Conclusions The economic problems leading to the recession began with a housing price bubble in many parts of the country and a coincident stock market bubble. These problems evolved into the financial crisis. ...
According to our measures almost 40% of households have been affected either by unemployment, negative home equity, arrears on their mortgage payments, or foreclosure. Additionally economic preparation for retirement, which is hard to measure, has undoubtedly been affected. Many people approaching retirement suffered substantial losses in their retirement accounts: indeed in the November 2008 survey, 25% of respondents aged 50-59 reported they had lost more than 35% of their retirement savings, and some of them locked in their losses prior to the partial recovery in the stock market by selling out. Some persons retired unexpectedly early because of unemployment, leading to a reduction of economic resources in retirement which will be felt throughout their retirement years. Some younger workers who have suffered unemployment will not reach their expected level of lifetime earnings and will have reduced resources in retirement as well as during their working years.
Spending has been approximately constant since it reached its minimum in about November, 2009. Short-run expectations of stock market gains and housing prices gains have recovered somewhat, yet are still rather pessimistic; and, possibly more telling, longer-term expectations for those price increases have declined substantially and have shown no signs of recovery. The implication is that long-run expectations have become pessimistic relative to short-run expectations.
Expectations about unemployment have improved somewhat from their low point in May 2009 but they remain high: they predict that about 18% of workers will experience unemployment over a 12 month period. Despite the public discussion of the necessity to work longer, expectations about working to age 62 among those not currently working declined by 10 percentage points. In our view this decline reflects long-term pessimism about the likelihood of a successful job search.
The recession officially ended in June 2009. A main component of that judgment is that the economy is no longer declining. According to our data the economic situation of the typical household is no longer worsening which is consistent with the end of the recession defined as negative change. However, when defined in terms of levels rather than rates of change, from the point of view of the typical household the Great Recession is not over.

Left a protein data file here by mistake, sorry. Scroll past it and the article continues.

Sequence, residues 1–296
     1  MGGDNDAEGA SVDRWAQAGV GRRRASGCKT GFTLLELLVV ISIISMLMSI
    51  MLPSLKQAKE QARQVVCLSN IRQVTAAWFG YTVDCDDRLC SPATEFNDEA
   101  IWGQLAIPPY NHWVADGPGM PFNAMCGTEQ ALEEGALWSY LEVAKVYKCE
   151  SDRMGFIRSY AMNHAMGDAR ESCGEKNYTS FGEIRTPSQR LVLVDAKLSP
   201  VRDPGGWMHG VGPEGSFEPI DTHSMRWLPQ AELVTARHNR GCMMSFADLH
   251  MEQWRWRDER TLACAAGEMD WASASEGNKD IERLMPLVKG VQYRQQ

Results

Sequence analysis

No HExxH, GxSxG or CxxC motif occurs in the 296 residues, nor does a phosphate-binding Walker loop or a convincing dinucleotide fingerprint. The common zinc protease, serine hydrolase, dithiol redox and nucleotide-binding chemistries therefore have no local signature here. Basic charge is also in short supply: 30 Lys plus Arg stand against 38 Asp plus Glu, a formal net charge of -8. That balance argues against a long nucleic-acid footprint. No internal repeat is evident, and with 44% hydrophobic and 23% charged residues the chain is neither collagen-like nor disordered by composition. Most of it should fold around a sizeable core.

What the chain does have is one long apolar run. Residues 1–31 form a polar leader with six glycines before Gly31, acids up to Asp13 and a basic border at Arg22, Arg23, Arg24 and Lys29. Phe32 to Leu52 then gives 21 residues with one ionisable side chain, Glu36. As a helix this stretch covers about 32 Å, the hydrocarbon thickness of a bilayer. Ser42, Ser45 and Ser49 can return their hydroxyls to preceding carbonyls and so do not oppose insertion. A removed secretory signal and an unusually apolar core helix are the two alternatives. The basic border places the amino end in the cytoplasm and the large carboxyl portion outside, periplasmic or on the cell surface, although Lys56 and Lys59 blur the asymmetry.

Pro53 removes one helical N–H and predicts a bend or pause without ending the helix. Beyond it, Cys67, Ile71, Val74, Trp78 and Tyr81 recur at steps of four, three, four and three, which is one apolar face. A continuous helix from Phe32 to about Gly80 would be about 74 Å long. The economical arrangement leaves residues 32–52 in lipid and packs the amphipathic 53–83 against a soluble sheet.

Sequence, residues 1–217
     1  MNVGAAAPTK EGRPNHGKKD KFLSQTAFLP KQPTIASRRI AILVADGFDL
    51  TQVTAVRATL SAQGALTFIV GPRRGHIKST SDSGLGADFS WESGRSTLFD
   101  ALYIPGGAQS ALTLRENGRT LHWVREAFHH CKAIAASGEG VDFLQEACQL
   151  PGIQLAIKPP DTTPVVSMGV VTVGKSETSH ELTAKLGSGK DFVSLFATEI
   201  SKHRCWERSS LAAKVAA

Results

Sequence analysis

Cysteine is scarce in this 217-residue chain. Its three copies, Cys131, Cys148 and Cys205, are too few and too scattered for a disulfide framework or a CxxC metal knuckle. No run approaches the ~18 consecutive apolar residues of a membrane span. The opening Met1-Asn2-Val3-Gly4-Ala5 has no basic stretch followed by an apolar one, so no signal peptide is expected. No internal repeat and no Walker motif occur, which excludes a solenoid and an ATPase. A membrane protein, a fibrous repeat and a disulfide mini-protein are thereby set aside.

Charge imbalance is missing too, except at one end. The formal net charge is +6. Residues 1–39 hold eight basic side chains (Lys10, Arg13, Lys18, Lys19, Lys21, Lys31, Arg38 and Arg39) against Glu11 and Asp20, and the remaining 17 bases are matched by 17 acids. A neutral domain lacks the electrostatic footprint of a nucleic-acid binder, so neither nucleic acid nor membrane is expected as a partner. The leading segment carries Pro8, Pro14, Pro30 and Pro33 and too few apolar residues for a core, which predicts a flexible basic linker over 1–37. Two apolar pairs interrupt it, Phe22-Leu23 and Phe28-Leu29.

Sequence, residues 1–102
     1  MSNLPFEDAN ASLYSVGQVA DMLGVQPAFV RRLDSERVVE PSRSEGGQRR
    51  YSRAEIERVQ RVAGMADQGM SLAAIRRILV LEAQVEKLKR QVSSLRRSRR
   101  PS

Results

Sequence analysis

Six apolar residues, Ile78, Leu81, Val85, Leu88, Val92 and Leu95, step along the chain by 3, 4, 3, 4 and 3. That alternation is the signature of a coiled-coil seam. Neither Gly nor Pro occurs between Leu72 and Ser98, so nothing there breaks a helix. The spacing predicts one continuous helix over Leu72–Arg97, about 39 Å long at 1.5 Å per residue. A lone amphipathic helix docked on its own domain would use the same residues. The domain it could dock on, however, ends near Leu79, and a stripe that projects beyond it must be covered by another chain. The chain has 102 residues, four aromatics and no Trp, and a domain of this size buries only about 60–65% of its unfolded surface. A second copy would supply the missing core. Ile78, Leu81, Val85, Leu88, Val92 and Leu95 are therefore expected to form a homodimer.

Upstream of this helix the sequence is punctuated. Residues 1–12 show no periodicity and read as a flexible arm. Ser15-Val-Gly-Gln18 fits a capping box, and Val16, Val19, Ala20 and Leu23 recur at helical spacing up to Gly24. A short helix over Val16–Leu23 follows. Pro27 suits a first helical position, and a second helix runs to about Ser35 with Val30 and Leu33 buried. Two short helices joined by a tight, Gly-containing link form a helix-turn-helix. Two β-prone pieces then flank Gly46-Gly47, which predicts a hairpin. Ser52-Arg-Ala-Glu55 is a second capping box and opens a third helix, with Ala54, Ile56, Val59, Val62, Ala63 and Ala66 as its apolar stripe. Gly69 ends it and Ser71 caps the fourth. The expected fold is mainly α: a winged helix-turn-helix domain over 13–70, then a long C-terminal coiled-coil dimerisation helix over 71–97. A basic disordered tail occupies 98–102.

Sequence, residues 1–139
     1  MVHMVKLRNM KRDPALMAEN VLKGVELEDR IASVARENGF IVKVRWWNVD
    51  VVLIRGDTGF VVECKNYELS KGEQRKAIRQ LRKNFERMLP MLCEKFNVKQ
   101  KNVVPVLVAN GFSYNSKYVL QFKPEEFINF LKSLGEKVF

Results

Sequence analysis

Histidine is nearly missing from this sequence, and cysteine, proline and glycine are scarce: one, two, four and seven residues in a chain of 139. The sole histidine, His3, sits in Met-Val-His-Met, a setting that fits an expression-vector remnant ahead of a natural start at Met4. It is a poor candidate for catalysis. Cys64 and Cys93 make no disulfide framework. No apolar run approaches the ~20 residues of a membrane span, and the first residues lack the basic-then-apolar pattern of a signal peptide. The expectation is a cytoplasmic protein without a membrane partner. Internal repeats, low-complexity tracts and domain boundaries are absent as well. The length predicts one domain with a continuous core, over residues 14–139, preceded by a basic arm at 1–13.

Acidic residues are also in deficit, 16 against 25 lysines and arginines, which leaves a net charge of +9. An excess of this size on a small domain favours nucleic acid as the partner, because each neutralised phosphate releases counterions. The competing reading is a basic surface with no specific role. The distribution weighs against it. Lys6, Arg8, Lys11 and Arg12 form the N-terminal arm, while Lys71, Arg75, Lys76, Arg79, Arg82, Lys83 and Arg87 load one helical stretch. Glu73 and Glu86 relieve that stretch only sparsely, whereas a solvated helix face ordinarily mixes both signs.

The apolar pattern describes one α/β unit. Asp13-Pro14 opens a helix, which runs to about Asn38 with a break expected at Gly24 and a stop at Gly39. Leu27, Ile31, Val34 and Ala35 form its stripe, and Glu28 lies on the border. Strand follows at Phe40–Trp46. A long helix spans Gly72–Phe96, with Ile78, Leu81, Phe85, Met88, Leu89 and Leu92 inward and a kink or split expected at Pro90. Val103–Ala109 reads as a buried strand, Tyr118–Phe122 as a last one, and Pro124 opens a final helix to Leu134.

Daniel Little on Thomas Hobbes:
Hobbes in context, by Daniel Little: We often think of Hobbes as being an originator in English philosophy, a strikingly innovative thinker who burst on the scene with the first formulation of a social contract theory of government. And we sometimes think of his justification of absolute sovereignty as a fairly direct reaction to the disorders Britain experienced during its Civil War and Glorious Revolution. Richard Tuck's Hobbes: A Very Short Introduction puts Hobbes into a much more nuanced position.
Fundamental to Tuck's approach as a historian of philosophy is to problematize the idea of "philosophy". Rather than assuming that the subject matter and methodology of philosophy were fixed once and for all by some traditional authority -- perhaps Aristotle and Plato -- Tuck takes the position that thinkers have defined themselves in ways that have eventually come to be described as "philosophy," but that nonetheless cover a very wide range of intellectual approaches and concerns. Here is a particularly striking set of ideas from Tuck's contextualization of Hobbes:It is sometimes tempting to think that the heroes of the various histories of philosophy or ethics -- men as different as St Thomas Aquinas, Machiavelli, Luther, Hobbes, Kant, or Hegel -- were all in some sense engaged in a common enterprise, and would have recognized one another as fellow workers. But a moment's reflection reminds us that it is we who have made a unity of their task: from their own point of view, they belonged to very different ways of living and had very different tasks to perform. They would have seen themselves as intellectually kin to men who do not figure in these lists -- priests or scholars who had on the face of it no great philosophical interest. (1)